Would he do it again?

“Without question. In fact, we are. The thought of life being an endless slog now feels us both with dread, and so we’ve agreed with each other to live out our working years by only agreeing short employment contracts, working for a year to help the savings along, and then travelling for 365 days.”

And will the Richards’ newfound globetrotting lifestyle be done on a budget?

He laughs, “We both like the finer things in life, so we’ll be doing all we can to enjoy the fruits of our labour, but future trips will also include some less ostentatious exploring, and settling into communities to see how we can help.”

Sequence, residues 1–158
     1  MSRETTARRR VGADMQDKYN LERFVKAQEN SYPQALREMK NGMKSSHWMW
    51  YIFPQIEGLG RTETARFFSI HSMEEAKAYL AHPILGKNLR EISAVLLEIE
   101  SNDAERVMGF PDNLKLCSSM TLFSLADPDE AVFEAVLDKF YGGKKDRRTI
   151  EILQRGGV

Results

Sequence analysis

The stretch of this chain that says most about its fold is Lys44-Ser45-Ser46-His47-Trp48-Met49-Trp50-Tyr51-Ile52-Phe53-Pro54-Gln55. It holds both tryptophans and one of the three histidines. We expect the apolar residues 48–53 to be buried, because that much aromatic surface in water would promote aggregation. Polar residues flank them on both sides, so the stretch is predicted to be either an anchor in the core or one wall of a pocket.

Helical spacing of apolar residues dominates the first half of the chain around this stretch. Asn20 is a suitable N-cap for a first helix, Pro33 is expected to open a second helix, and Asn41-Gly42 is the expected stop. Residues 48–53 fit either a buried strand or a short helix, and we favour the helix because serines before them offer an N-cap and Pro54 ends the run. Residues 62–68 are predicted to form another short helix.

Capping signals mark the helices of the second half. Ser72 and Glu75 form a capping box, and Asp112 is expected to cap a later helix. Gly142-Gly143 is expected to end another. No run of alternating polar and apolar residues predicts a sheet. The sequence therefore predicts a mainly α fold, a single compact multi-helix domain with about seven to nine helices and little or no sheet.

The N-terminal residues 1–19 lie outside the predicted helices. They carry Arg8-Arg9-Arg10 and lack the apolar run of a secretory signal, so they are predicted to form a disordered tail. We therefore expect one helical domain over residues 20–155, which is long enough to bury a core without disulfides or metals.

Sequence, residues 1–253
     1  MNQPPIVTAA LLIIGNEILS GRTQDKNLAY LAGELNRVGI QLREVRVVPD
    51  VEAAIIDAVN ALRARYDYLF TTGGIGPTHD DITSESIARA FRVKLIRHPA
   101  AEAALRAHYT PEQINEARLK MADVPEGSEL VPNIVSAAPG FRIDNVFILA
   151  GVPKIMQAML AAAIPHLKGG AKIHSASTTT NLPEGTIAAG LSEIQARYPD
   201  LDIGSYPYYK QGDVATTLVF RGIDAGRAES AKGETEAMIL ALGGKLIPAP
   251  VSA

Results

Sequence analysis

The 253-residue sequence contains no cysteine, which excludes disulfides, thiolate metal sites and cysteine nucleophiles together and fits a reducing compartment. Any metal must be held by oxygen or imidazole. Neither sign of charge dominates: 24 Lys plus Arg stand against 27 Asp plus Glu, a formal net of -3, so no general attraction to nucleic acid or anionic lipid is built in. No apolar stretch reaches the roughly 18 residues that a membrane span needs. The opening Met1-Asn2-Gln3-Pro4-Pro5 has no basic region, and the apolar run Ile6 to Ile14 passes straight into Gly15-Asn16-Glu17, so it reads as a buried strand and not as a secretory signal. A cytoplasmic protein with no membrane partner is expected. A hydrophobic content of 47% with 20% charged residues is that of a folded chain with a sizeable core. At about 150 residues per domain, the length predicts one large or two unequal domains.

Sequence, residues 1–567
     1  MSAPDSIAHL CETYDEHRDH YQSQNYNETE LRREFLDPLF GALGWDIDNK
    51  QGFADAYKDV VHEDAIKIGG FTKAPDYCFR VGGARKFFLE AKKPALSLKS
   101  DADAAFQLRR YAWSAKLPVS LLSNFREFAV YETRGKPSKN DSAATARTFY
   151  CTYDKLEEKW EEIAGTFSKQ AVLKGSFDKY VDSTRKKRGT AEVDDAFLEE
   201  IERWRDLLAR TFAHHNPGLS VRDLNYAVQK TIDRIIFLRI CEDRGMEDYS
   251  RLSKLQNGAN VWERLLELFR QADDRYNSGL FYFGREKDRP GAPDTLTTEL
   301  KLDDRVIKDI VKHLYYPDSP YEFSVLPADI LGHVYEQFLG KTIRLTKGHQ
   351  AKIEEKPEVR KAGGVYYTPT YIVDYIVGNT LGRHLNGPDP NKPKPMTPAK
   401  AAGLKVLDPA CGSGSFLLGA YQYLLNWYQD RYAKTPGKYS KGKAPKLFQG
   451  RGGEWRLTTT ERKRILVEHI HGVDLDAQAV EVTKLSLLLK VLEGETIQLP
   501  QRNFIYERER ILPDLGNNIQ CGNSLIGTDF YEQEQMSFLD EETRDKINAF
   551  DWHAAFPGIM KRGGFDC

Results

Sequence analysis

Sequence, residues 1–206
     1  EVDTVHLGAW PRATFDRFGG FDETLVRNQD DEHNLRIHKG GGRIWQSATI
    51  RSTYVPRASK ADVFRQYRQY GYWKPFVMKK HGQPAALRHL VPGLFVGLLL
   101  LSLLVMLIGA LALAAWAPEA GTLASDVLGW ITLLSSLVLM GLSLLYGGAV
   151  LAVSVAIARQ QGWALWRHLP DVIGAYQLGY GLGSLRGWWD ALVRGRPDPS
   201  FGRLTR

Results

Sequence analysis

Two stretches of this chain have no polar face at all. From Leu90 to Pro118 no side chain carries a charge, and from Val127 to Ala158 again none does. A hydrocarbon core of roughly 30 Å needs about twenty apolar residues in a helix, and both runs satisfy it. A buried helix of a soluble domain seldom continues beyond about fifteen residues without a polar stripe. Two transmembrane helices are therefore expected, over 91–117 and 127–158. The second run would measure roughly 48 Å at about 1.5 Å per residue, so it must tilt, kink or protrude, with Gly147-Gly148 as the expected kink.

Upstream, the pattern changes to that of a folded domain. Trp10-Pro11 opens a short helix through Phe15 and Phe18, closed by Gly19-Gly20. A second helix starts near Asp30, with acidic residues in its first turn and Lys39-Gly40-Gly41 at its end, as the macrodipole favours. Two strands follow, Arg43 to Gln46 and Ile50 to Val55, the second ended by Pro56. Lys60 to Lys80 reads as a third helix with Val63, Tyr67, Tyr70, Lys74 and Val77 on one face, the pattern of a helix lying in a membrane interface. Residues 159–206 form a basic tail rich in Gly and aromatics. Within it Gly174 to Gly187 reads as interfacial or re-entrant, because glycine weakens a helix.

So, next time you’re gazing absent-mindedly out of the train window, on yet another generic day where nothing of genuine consequence happens, and your imagination concocts a tropical vision in your head, remember on thing – the only person who decides what is your reality and your fantasy is you. Why not join the thousands of luxury backpackers, and make your fantasy your reality?

Don’t let other people be the ones who experience their wildest lifestyle fantasies. Choose your own route at

Main image above copyright: Gulzar